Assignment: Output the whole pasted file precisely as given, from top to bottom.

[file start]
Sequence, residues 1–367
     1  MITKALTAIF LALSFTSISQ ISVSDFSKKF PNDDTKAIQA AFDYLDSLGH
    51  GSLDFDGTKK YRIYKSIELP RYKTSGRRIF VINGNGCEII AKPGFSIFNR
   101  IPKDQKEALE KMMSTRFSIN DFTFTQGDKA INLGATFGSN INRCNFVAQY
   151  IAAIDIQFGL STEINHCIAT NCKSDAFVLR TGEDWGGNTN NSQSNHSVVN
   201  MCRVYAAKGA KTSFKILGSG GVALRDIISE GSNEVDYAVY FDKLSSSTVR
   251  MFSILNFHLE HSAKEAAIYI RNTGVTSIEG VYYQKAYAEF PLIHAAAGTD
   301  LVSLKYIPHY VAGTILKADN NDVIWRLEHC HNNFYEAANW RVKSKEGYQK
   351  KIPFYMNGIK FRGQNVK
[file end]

Sequence, residues 1–367
     1  MITKALTAIF LALSFTSISQ ISVSDFSKKF PNDDTKAIQA AFDYLDSLGH
    51  GSLDFDGTKK YRIYKSIELP RYKTSGRRIF VINGNGCEII AKPGFSIFNR
   101  IPKDQKEALE KMMSTRFSIN DFTFTQGDKA INLGATFGSN INRCNFVAQY
   151  IAAIDIQFGL STEINHCIAT NCKSDAFVLR TGEDWGGNTN NSQSNHSVVN
   201  MCRVYAAKGA KTSFKILGSG GVALRDIISE GSNEVDYAVY FDKLSSSTVR
   251  MFSILNFHLE HSAKEAAIYI RNTGVTSIEG VYYQKAYAEF PLIHAAAGTD
   301  LVSLKYIPHY VAGTILKADN NDVIWRLEHC HNNFYEAANW RVKSKEGYQK
   351  KIPFYMNGIK FRGQNVK